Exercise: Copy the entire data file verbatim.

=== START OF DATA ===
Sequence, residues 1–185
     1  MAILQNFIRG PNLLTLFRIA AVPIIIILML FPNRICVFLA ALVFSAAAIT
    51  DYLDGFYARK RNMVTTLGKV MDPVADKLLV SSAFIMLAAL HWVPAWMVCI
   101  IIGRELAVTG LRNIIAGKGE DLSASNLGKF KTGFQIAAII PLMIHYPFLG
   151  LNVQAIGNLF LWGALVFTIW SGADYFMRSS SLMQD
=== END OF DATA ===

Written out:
Sequence, residues 1–185
     1  MAILQNFIRG PNLLTLFRIA AVPIIIILML FPNRICVFLA ALVFSAAAIT
    51  DYLDGFYARK RNMVTTLGKV MDPVADKLLV SSAFIMLAAL HWVPAWMVCI
   101  IIGRELAVTG LRNIIAGKGE DLSASNLGKF KTGFQIAAII PLMIHYPFLG
   151  LNVQAIGNLF LWGALVFTIW SGADYFMRSS SLMQD